- raised awareness about athletic coaches who bully their athletes. As a result of one article I wrote, a family in Iowa contacted me. We worked together to get USA Swimming to enact a rule change to prohibit coaches from bullying swimmers.
- spoke to more than 50 groups (over 5,000 people across 75 dates) on topics such as positive psychology, anger management, forgiveness, resiliency, hope, meaning, self-compassion and more.
- supported numerous clients and their families through their own challenges.
This is not is a monument to my ego, however. There is a critical point to making the above list. You see, I was able to accomplish these things while my personal life was in tatters largely for reasons which were out of my control. Without the tools in this book, I would not have been able to produce and help others at these levels.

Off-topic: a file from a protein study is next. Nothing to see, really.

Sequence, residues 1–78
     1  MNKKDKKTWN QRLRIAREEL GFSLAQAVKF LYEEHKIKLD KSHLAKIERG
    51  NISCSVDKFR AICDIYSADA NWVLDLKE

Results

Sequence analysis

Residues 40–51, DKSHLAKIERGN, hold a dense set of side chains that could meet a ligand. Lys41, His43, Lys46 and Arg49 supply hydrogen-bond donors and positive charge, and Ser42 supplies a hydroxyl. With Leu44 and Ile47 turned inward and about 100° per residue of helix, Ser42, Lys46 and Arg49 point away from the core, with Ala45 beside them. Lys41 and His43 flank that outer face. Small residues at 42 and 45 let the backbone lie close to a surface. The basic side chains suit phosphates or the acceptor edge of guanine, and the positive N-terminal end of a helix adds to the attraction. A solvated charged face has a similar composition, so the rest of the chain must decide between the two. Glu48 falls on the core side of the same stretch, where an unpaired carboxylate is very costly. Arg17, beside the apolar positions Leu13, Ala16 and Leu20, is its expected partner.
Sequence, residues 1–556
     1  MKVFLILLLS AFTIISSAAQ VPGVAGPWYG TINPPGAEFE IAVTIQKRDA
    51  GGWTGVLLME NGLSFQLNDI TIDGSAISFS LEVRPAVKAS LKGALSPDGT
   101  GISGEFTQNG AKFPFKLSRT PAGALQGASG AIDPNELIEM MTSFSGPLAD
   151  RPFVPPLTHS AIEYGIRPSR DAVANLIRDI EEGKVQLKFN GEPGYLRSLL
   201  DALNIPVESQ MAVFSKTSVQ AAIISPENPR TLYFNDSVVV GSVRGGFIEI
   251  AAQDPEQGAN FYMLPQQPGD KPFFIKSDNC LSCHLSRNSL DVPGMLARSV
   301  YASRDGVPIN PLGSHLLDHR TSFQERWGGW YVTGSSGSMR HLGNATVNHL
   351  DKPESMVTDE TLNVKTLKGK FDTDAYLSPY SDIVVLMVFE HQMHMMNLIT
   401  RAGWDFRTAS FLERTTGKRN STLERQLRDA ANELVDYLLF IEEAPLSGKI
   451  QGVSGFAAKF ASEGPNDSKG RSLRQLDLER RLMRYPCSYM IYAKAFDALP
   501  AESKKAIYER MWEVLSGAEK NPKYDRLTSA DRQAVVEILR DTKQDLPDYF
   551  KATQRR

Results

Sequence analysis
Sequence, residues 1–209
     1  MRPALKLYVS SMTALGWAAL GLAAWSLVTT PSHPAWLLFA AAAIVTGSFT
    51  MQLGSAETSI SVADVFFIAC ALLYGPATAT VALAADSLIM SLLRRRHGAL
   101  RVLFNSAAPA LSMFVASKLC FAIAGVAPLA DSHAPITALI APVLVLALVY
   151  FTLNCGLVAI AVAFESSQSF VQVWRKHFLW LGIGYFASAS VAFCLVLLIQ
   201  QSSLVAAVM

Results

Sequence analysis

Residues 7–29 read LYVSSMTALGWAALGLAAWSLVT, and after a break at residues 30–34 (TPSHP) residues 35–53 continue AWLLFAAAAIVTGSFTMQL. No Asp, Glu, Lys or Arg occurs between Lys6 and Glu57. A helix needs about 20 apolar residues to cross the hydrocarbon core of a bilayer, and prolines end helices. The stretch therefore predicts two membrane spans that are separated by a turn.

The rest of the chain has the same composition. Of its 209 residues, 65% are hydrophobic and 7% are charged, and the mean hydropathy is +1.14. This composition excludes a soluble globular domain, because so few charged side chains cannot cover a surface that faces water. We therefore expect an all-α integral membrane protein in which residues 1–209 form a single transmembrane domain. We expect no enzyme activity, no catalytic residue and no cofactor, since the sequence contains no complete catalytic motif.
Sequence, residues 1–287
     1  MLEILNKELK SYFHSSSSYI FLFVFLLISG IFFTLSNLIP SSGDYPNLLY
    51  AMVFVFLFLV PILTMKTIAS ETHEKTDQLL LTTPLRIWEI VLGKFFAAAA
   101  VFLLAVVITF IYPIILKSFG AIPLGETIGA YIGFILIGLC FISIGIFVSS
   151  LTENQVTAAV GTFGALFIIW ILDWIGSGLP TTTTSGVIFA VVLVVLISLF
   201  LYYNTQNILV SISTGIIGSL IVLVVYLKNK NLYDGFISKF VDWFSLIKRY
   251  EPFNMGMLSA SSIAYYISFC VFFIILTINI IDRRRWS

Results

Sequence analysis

Over the past two years, I have been involved in a contentious and senseless divorce and there was absolutely no reason for it to be so. It was all about emotion.
I married my high school girlfriend whom I met at the age of 17.
When we separated in October of 2010, I left with only my clothes and a laptop. I lived with my parents for 8 months. I saved up enough money to get a modest two bedroom condo (with their assistance). Using some of my parents’ old furniture, I began to furnish it. I was thrilled when I had a bed to call my own. I was grateful for used pots and pans, sheets, pillows and lamps.
When Kristin and I resolved to divorce, we agreed to use a mediator to save on expense. Kristin repeatedly assured me that she would never litigate the divorce as it made no financial sense and she ‘would never do such a thing to me.’